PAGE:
Aquascutum collapse: The beginning of the end for luxury clothing brands?
Luxury Jaeger-owned clothing retailer Aquascutum recently collapsed into administration after 161 years in the fashion industry. On one hand, it is surprising for those who expected the fashion house to be able to sustain itself; on the other, have we actually seen a regular and memorable advertisement campaign in Vogue or Harper’s Bazaar? The last ones that stuck with me were from the 2006 campaign with Pierce Brosnan, and I had only remembered because the actor was riding off his James Bond fame. With Aquascutum’s lack of publicity and rare appearance on the red carpet, can we honestly say that we hadn’t seen this coming?
Meanwhile, the expected profits of Burberry, another timeless British brand and Aquascutum’s key competitor, rack up to £372m for 2011. While Aquascutum is famed for dressing the likes of Churchill, Bogart and the Queen Mother, the creative director of Burberry, Christopher Bailey, brings in Eddie Redmayne and Emma Watson to keep up with the younger generation. Yes, fashion entails the traditional and classic, but what about the new and modern? Although paying homage to its heritage, shouldn’t fashion also reinvent itself through trends? If not, what else is the runway made to showcase but innovation and creativity?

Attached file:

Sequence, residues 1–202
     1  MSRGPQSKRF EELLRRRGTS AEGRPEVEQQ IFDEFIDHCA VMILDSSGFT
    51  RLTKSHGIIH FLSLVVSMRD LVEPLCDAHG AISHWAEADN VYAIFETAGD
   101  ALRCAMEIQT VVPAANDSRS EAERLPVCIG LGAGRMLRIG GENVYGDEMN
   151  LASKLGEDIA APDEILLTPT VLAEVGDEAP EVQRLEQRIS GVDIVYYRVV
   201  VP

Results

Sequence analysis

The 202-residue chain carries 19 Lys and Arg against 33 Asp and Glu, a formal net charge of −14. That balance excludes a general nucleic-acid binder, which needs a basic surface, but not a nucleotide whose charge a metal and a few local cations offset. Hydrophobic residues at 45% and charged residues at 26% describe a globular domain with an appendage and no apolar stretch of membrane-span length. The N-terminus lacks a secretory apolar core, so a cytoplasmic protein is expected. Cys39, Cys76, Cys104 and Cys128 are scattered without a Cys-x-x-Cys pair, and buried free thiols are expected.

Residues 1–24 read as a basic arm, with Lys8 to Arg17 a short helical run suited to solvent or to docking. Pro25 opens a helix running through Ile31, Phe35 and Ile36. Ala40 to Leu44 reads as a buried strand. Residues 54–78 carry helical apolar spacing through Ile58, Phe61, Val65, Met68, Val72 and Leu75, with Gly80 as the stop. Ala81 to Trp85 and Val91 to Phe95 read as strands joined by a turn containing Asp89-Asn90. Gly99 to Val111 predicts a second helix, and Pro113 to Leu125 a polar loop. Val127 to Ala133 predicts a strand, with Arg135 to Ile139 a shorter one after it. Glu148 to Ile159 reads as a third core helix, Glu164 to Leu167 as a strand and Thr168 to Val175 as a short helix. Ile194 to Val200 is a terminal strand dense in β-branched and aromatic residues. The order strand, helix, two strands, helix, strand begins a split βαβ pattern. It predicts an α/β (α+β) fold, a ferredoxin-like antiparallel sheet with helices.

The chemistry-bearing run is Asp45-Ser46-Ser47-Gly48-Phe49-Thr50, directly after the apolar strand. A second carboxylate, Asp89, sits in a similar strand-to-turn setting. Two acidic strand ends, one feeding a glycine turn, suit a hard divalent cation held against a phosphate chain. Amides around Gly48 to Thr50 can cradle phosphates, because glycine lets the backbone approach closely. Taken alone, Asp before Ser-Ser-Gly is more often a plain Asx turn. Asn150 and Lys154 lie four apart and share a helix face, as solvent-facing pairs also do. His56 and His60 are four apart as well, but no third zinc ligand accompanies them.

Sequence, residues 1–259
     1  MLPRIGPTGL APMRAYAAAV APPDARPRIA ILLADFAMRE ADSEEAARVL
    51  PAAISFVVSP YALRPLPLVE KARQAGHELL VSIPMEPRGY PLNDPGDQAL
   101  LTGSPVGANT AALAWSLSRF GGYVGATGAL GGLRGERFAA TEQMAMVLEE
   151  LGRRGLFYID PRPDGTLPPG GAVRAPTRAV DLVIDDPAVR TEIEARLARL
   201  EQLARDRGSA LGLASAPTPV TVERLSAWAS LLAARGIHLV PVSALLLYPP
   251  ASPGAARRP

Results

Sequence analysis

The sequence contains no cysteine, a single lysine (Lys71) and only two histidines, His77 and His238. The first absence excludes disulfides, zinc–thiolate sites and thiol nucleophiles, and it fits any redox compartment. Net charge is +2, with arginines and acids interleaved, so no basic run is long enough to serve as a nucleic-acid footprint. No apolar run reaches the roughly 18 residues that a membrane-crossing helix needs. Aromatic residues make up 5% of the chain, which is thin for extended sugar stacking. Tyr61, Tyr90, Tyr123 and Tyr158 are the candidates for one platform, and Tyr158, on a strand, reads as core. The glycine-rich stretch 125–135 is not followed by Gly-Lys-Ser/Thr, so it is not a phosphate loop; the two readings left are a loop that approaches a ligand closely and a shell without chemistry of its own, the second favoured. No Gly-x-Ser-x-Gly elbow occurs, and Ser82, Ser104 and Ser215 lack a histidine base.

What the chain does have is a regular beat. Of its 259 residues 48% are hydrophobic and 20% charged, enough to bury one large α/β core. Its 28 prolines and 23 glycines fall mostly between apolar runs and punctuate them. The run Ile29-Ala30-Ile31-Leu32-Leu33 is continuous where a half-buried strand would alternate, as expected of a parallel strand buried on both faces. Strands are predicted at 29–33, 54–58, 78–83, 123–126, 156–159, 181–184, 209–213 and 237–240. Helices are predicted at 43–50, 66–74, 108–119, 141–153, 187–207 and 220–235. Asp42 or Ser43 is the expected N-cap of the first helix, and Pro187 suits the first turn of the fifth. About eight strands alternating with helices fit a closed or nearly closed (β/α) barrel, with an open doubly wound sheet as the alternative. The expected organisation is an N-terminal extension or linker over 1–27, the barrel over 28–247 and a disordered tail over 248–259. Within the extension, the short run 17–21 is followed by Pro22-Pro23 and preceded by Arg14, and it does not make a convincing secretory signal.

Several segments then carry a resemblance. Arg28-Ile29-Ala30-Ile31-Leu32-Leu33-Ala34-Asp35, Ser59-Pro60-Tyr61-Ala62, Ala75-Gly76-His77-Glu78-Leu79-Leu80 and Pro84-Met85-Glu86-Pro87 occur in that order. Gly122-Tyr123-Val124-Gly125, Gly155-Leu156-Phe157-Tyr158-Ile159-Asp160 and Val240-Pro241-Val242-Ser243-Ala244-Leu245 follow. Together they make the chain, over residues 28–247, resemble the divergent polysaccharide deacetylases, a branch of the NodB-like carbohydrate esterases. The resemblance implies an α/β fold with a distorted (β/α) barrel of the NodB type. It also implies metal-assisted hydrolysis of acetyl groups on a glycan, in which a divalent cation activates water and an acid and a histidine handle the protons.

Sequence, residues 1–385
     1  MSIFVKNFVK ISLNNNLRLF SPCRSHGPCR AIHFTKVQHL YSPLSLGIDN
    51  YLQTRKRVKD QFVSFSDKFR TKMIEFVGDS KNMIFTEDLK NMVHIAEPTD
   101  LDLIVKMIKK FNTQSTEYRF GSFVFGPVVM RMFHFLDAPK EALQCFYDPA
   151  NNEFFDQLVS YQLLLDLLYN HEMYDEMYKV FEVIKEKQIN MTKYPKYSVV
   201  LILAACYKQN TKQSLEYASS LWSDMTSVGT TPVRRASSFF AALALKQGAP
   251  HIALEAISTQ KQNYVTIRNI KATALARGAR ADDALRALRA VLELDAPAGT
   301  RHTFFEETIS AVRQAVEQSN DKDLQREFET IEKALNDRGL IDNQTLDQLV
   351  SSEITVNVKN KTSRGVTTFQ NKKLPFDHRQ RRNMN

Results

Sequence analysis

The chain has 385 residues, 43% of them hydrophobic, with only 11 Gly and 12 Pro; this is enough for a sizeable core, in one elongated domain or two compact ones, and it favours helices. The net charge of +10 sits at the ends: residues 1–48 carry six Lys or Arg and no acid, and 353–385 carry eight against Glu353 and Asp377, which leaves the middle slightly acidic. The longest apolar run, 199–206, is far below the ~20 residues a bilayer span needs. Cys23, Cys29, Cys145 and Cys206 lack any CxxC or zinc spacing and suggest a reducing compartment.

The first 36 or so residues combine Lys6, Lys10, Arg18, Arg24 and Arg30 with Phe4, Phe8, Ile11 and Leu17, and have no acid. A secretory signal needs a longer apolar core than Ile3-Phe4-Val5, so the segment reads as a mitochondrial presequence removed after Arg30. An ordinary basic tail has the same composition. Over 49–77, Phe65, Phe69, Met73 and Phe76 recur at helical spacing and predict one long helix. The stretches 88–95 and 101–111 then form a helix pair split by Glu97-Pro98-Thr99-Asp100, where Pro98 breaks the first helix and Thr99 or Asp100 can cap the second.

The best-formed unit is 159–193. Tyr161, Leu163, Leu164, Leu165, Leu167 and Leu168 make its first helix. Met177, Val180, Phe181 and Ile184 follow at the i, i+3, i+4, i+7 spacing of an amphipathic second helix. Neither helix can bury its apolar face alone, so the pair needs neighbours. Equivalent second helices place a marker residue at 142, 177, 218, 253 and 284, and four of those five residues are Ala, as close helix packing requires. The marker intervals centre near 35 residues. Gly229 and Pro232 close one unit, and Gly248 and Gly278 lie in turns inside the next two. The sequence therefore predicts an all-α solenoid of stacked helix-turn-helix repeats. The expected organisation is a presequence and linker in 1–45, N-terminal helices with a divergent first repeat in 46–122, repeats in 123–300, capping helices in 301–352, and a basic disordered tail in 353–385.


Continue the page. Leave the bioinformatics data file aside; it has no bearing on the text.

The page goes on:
You can’t say that Aquascutum hasn’t tried though. In 2009, the British Fashion Council chairperson Harold Tillman bought the already struggling business (reportedly making a loss of £24m) in hopes of reviving and developing it into a global phenomenon. Although effortful, the dream was too ambitious. They even brought in the young Joanna Sykes in 2010, who made a splash in Milan working for Armani. She vowed to “shake up” the brand, and shake up she had: her debut collection for Fall/Winter 2011, titled “English Icons”, had garnered critical praise for its playful use of proportion and deconstruction of the standard trench and pea-coat. Sykes brought colour – a lot of tangerine, specifically – to what was once soulless and dull.
Its final creative efforts were not enough for a turnaround, made worse by the fact that Aquascutum did not have official licensing in Asia, where a large portion of other brands’ overall income derives from.
While the factories close down, rendering a staff of 115 unemployed, another worrying thought creeps above the horizon: is this the end of the luxury brand as we know it? Probably not. Despite the recent recession, the big names like Vuitton, Chanel and Hermès continue to thrive. As long as there is money, there will be consumers. If anything, the downfall of Aquascutum ominously predicts a similar fate for designers who fail to become more cutting edge and commercialised. In which case, the news of Aquascutum’s possible fate might provide a good kick up the backside for the fashion industry.
Ironically, in preserving its legacy Aquascutum rendered itself uncompetitive and bankrupt. Nevertheless, despite its lack of vision and consumer awareness, Aquascutum gave it all its best. Considering the economic climate, this seemed even more admirable. I bid thee adieu!